p is a number from 2 to 100, preferably 5 to 30.

Each --Z-- and each Rf may be the same or different but preferably for convenience of preparation is the same group, the compound being made by reaction of appropriate groups with each hydroxyl end of a polyethylene oxide chain.

The organic hydroxyl group may be alcoholic or phenolic in character and thus the bridging group Z may contain aliphatic and/or aromatic groups.

In the case wherein the organic hydroxyl group is a terminal hydroxyl group of an oxyalkylene chain the product is the especially preferred form of the invention, i.e. a compound having the formula

Rf O(CH2 CH2 O)p Rf 

in which

Rf is a residue of a perfluorolefine, e.g. a tetrafluoroethylene oligomer after a fluorine atom is abstracted

p is a number from 2 to 100.

The nucleophilic reaction between an oligomer of tetrafluoroethylene and a hydroxyl-terminated polyethylene oxide molecule in the presence of a proton acceptor acceptor has been described in our U.K. Patent Specification No. 1,130,822.

A preferred form of proton acceptor is a basic compound, for example a hydride or hydroxide of an alkali metal or a salt of a weak acid and a strong base for example carbonates, silicates or phosphates of sodium or potassium as described in our co-pending U.K. Patent Application No. 48145/71.

The branched perfluorocarbon group of at least three carbon atoms may be either the whole or part only of the fluorocarbon portion of the molecule and groups containing hydrogen atoms may be intervening between the said terminal perfluorocarbon group and the hydrophilic part of the molecule. Thus the perfluorocarbon may be a branched perfluoroalkyl or perfluoroalkenyl group, or may be a terminal part of a highly fluorinated branched or straight chain group which may be saturated or unsaturated.

The terminal aliphatic perfluorocarbon group of at least three carbon atoms may be a perfluoro-iso-propyl or perfluoro-tertiary-butyl group, but it is preferably a group containing a terminal chain of at least three carbon atoms, for example a terminal portion of a straight perfluoroalkyl chain CF3 (CF2)n or a terminal portion of either branched perfluoroalkenyl or perfluoroalkyl group of which the following are preferred examples:

C2 f5 -(cf3)═c(c2 f5)cf2 --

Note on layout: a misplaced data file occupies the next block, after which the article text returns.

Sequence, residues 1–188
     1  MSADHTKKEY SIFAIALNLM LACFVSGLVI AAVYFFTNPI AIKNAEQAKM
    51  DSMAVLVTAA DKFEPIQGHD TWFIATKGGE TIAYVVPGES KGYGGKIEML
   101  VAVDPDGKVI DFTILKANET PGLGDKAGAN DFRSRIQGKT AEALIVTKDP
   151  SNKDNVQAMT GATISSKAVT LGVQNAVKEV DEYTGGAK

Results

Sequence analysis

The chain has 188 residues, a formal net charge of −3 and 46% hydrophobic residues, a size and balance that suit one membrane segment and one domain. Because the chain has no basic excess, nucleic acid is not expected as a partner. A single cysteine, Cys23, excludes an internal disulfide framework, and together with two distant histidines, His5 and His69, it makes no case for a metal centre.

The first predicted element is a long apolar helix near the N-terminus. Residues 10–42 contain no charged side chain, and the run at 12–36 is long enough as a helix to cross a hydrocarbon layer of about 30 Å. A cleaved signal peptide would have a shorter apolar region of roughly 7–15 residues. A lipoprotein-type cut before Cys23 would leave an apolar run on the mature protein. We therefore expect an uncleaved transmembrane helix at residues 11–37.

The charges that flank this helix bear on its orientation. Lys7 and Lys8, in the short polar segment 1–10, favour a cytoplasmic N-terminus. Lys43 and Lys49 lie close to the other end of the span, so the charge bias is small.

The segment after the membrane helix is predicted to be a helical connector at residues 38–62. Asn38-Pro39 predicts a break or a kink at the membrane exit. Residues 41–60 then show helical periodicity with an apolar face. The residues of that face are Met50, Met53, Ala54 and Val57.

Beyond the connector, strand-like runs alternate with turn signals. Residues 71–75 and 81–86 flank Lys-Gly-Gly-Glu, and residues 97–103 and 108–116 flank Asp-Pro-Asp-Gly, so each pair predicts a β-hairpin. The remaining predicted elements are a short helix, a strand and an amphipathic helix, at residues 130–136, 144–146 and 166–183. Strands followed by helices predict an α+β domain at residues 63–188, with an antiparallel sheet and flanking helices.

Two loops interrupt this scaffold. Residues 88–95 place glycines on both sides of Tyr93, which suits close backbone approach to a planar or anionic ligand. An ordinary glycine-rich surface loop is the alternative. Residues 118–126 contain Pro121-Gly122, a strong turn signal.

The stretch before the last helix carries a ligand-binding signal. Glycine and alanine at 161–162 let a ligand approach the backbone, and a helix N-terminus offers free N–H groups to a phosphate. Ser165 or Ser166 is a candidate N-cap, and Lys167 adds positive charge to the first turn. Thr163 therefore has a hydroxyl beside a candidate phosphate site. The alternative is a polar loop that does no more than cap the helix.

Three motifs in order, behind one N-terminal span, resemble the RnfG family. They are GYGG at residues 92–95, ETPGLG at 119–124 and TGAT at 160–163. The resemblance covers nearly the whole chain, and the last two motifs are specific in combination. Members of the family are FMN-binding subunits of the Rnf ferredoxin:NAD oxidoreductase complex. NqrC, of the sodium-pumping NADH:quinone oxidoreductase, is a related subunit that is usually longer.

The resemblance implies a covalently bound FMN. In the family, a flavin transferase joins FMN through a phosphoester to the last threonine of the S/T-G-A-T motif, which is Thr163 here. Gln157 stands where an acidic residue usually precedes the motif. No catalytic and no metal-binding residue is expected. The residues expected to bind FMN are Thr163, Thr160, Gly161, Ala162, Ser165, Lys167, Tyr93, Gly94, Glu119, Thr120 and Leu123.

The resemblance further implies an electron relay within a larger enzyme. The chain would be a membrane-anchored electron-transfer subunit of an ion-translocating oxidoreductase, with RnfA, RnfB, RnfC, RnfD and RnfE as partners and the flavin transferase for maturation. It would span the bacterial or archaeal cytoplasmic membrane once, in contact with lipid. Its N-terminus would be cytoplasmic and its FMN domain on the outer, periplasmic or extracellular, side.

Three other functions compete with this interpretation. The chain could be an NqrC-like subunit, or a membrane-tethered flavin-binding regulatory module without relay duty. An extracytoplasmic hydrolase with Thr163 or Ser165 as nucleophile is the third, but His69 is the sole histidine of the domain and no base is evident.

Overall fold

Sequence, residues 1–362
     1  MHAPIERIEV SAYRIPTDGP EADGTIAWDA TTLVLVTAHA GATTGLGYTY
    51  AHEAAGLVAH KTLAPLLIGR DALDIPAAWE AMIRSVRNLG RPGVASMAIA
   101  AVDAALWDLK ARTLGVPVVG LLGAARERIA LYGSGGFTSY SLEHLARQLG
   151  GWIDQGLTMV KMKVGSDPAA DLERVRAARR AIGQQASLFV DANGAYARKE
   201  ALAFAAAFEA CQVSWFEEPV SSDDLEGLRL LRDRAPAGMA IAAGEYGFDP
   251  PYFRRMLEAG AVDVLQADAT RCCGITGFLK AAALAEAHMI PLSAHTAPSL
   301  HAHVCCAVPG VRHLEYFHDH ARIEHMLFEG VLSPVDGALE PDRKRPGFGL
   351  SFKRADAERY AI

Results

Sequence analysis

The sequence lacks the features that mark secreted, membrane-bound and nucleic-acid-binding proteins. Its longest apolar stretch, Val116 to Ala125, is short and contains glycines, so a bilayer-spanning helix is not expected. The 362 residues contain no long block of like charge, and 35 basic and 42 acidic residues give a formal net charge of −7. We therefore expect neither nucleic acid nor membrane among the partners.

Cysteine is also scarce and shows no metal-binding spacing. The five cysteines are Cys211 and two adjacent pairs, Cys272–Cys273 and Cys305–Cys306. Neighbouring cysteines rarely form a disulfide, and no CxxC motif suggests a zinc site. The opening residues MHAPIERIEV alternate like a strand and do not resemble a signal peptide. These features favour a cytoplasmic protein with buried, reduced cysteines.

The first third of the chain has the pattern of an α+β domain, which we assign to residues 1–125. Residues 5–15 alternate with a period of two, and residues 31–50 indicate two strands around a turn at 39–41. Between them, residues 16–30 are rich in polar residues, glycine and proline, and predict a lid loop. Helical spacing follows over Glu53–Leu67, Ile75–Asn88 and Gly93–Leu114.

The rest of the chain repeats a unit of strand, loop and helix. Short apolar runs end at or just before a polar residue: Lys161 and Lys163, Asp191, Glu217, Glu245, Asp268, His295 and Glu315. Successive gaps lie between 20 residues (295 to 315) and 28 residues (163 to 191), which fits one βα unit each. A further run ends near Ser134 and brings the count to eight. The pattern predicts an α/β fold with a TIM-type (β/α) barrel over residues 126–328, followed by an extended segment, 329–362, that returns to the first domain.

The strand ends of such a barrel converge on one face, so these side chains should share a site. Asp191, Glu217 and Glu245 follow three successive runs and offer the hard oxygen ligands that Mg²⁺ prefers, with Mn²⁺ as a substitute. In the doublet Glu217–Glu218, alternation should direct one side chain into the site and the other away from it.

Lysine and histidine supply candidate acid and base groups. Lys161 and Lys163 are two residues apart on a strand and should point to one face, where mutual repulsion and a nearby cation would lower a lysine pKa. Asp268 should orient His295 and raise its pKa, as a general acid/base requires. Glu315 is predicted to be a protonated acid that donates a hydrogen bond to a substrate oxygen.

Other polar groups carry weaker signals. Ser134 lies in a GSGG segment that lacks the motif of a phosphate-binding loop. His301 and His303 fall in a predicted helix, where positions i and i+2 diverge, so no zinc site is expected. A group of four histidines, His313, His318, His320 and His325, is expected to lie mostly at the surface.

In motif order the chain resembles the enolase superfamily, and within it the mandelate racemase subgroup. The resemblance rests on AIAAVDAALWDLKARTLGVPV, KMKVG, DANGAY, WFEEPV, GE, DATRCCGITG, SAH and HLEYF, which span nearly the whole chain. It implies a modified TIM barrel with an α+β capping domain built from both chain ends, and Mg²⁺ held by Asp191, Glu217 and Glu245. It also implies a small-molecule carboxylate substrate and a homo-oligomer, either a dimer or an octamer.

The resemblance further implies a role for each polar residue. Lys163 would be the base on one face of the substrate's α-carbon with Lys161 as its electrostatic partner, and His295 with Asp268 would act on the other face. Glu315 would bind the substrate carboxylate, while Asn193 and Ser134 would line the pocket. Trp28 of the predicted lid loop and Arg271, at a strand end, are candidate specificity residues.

(c2 f5)2 c(cf3)-c(cf3)═c(cf3)--

c2 f5 -c(cf3)═c(cf3)-cf3)-cf2 cf2 --

(c2 f5)2 -c(cf3)--

(c4 f9)(c2 f5)cf3 c-c(cf3)═(cf3)--

the fluorocarbon group is preferably derived from an oligomer of tetrafluoroethylene or hexafluoropropene. These oligomers are highly-branched perfluoroolefines and reactions have been described in our Patent Specification No. 1,130,822 and also in Dutch Applications 6,900,538 (U.K. Application 21584/69) whereby the oligomer may be directly joined by an ether linkage to the oxygen atom of an organic hydroxyl group.

The perfluorocarbon group may be derived in many different ways, for example by direct fluorination of a hydrocarbon or chlorinated hydrocarbon, but we prefer to derive the group from a branched oligomer of hexafluoro propene of tetrafluoroethylene. The latter is especially preferred because the range of oligomers conveniently produced having from 6 to 14 carbon atoms provides the range of sizes of fluorocarbon group preferred for the surface-active agents of this invention. From tetrafluoroethylene pentamer for example the branched perfluoroalkyl residue C6 F13 or alternatively the branched perfluoroalkenyl group C10 F19 may be produced. In our U.K. Patent Specifications No. 1,130,822 and 1,176,492 reactions of the said oligomers are described which may be used to prepare suitable surface active agents for this invention. In our U.K. Patent Application No. 8295/71 the preparation of some compounds within this invention is described, having as non-ionic hydrophilic portions, polyoxyethylene chains. In the latter specification it is demonstrated that surface-active compounds may be made having two or more terminal perfluorocarbon groups joined by oxyaromatic groups to a hydrophilic group. Compounds possessing a polyoxyethylene group, for example having from 5 to 50, preferably from 8 to 30 oxyethylene units, and two terminal branched perfluorocarbon groups, for example from 6 to 12 carbon atoms (preferably 8 or 10 carbon atoms), are especially preferred compounds.